Sunday, October 30, 2022

The Pharisee & the Woman weeping at Jesus' Feet: The Two Debtors

What does it really mean to say our sins are truly forgiven? In our Christian faith we call that justification. A word rooted in the word justice. Which is what my name comes from, justin, means justice or to be justified.

“What is justification? It is the declared purpose of God to regard and treat those sinners who believe in Jesus Christ as if they had not sinned, on the ground of the merits of the Savior. It is not mere pardon. Pardon is a free forgiveness of past offenses. It has reference to those sins as forgiven and blotted out. Justification has respect to the law, and to God's future dealings with the sinner. It is an act by which God determines to treat him hereafter as righteous--as if he had not sinned. The basis for this is the merit of the Lord Jesus Christ, merit that we can plead as if it were our own. He has taken our place and died in our stead; He has met the descending stroke of justice, which would have fallen on our own heads if He had not interposed.” -Albert Barnes

That is the meaning of the forgiveness we’ve received in Jesus Christ. Our sins those terrible things we did, little, small, big, giant, all forgiven by Jesus. Paid in full by Him. And today we’re going to look at what it means to be so amazed by that blanket forgiveness that it draws great love out of us.

Today we find ourselves addressing the last of the parables, which we find in Luke chapter 7. Jesus was ministering in various ways to those in need of healing and even healed the child of a roman soldier, after he sent a response to a request made by John the Baptist who was in prison at this point. It’s an excellent chapter, your homework today is to go home and read Luke chapter 7 and see all that Jesus did, it's a good round picture of who Jesus was in his public ministry.

But here we find Jesus meeting in the home of a Pharisee. Let’s just dive right in, from Luke 7:36-50

36 When one of the Pharisees invited Jesus to have dinner with him, he went to the Pharisee’s house and reclined at the table. 37 A woman in that town who lived a sinful life learned that Jesus was eating at the Pharisee’s house, so she came there with an alabaster jar of perfume. 38 As she stood behind him at his feet weeping, she began to wet his feet with her tears. Then she wiped them with her hair, kissed them and poured perfume on them.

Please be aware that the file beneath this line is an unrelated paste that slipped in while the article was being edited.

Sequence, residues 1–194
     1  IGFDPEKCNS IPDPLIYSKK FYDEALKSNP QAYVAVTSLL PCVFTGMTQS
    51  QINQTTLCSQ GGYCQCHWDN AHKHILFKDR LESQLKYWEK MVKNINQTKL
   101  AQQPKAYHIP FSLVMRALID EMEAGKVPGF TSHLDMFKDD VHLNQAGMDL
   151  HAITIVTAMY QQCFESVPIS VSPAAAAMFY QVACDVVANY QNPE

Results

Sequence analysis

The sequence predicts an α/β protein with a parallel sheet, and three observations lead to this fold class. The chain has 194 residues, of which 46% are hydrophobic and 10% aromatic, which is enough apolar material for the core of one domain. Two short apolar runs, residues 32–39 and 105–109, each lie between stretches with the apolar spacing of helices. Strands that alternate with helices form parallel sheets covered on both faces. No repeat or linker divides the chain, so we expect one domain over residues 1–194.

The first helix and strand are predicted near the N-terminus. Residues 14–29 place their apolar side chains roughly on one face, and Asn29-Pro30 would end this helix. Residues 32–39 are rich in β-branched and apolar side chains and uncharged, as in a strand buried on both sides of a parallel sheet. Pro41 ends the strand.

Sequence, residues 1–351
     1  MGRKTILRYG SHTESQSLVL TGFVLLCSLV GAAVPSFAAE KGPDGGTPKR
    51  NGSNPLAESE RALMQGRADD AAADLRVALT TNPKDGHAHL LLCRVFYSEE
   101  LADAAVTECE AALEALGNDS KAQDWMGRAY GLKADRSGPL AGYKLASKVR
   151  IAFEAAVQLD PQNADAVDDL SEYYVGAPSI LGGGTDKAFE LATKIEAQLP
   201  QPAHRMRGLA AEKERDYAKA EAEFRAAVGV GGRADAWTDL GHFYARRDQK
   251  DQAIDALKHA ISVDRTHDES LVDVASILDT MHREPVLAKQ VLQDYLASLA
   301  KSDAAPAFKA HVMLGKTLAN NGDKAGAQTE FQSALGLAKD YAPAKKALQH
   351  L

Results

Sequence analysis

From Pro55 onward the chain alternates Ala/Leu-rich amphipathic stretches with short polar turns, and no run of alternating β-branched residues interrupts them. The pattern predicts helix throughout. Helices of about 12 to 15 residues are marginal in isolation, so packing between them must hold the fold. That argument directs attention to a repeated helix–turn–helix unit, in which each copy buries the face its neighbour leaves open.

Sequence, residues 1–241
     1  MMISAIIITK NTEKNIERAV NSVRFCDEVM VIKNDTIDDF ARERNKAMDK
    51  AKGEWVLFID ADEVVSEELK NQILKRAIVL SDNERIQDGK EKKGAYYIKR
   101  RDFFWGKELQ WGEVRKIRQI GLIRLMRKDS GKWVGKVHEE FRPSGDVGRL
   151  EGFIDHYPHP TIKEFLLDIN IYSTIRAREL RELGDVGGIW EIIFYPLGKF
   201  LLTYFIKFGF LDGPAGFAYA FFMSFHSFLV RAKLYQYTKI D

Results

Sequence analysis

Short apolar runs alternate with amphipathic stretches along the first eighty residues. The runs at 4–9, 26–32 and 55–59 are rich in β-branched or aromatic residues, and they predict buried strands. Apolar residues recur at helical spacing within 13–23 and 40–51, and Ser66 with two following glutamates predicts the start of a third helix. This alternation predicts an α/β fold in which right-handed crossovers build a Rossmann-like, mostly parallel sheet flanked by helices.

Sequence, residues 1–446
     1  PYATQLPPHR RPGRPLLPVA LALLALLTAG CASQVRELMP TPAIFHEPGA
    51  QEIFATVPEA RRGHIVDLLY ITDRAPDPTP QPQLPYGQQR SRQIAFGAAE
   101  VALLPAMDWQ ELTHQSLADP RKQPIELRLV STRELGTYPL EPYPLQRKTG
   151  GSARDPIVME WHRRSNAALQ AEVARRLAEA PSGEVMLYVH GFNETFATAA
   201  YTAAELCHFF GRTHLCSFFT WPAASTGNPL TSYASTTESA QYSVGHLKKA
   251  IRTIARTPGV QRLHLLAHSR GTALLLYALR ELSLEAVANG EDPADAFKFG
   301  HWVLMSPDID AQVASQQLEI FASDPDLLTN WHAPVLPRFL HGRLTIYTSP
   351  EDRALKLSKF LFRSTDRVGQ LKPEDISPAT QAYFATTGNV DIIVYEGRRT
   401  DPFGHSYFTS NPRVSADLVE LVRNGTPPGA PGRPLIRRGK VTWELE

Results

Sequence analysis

39 When the Pharisee who had invited him saw this, he said to himself, “If this man were a prophet, he would know who is touching him and what kind of woman she is—that she is a sinner.”

So in these first few verses we see the context for our parable today. Jesus is ministering to a pharisee, but a woman who was a known sinner came and wept at Jesus’ feet. The Pharisees response is telling. He is offended at the woman who is there.

Sometimes we can find ourselves offended as well, at those around us who have not received Christ. Or even those who have! Let’s see how Jesus responds.

40 Jesus answered him, “Simon, I have something to tell you.”

“Tell me, teacher,” he said.

41 “Two people owed money to a certain moneylender. One owed him five hundred denarii, and the other fifty. 42 Neither of them had the money to pay him back, so he forgave the debts of both. Now which of them will love him more?”

43 Simon replied, “I suppose the one who had the bigger debt forgiven.”

“You have judged correctly,” Jesus said.